Mitigating the impact of Covid-19 in cancer patients: Preparedness matters

Date of Publication: March 29, 2020

Introduction

The SARS-CoV-2 (also known as COVID-19), has spread rapidly around the world and is currently affecting 199 countries with a total of 591 971 confirmed cases and 26 990 deaths. In East Africa, Kenya, Rwanda, Tanzania and Uganda have reported cases of COVID-19 and the numbers are bound to increase. Kenya has already reported the first death in a diabetic patient. The scramble is on for getting in place a mechanism for containment and limiting the spread of the disease. This is in the wake of the devastating impact the disease has already had on countries with better health care system than most African countries.  In the likely event the disease takes root with establishment of community spread in Africa, it is important that we limit the potential damage and complications whose management will be very challenging for our health care system, resulting in poor outcome for our patients. It is therefore important to identify the most at risk groups and put in place a mechanism to prevent them from contracting the disease.  Patient with cancer are among the high-risk groups because both the cancer and the cancer treatment deplete their immune system. However, data on Covid-19 infection in patient with cancer are still limited despite being at high risk of contracting the disease and developing severe complications. In this blog, we share what the Uganda Cancer Institute (UCI) an agency of the government for coordination of cancer services has done in readiness for COVID-19 impact on cancer patients. 

Preparedness and response

The UCI constituted an institutional epidemic preparedness and response team (EPR team) whose objective is to prevent the acquisition and spread of corona virus among our community of cancer patients and caregivers.  The team developed a framework based on current available knowledge and guidelines to come up with four principal areas of focus namely: 1) General Protection of staff and Patients; 2) Reorganization of functions; 3) Streamlining COVID-19 detection and triage and 4) Management of Information flow. Detailed below are the objectives of each of the focus areas.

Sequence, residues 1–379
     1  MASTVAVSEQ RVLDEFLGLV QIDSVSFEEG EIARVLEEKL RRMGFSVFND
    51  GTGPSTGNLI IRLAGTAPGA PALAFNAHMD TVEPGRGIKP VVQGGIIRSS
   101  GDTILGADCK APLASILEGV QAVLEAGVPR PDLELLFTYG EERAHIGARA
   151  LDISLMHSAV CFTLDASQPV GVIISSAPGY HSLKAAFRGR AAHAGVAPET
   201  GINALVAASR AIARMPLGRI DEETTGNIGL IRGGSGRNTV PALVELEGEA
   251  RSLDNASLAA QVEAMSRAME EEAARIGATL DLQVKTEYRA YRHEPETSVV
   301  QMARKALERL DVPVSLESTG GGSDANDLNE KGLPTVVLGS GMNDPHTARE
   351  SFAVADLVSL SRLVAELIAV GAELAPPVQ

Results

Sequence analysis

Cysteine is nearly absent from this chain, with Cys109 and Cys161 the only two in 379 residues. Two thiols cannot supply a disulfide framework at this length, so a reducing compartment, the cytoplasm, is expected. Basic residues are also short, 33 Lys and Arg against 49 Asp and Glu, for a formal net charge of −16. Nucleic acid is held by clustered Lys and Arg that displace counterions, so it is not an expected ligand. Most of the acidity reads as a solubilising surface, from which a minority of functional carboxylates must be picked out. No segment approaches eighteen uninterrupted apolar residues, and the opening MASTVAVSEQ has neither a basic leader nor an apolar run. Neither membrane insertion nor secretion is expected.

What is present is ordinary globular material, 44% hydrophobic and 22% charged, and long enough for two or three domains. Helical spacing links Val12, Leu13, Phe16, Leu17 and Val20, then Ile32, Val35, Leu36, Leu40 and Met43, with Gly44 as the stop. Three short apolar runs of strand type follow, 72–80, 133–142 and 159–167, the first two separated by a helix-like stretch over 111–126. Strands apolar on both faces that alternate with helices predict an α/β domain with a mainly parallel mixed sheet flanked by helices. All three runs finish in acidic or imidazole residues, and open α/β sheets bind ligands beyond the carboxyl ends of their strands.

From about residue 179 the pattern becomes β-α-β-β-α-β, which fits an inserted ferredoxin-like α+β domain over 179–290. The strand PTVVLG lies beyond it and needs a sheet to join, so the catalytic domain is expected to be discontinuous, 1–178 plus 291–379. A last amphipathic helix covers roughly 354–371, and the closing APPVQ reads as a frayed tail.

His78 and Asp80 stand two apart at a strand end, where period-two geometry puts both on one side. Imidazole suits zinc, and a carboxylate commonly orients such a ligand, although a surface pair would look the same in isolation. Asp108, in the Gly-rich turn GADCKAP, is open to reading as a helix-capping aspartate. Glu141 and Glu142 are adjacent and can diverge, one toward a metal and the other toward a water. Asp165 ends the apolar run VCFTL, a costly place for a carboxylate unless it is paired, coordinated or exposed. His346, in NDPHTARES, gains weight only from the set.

1.  General Protection of staff and Patients

The main objective is to increase basic knowledge of COVID-19 for both our staff and patients. Especially the presentation, common symptoms and signs, recognition of complications. Specifically, distinguishing mild form of disease and recognition of severe form and complications. 

Although over 80% of patients do not develop severe form of disease, our emphasis will be on the 20% likely to develop complication because most likely our target population will be over represented in this group.

For our staff the emphasis will also be on appropriate use of personal protective equipment (PPE) as they attend to patients and potential cases.

2.  Reorganization of functions

The objective is to ensure there is availability of essential cancer care and efficiency of service delivery during this crisis.  We have put in place stringent adherence to institutional guidelines and basic principles of COVID-19 infection control. We have suspended routine activities such as cancer screening services and outreach programs   targeting the general population to avoid crowding and exposure to COVID-19. We have also suspended elective surgeries and procedures to focus resources on emergency preparedness.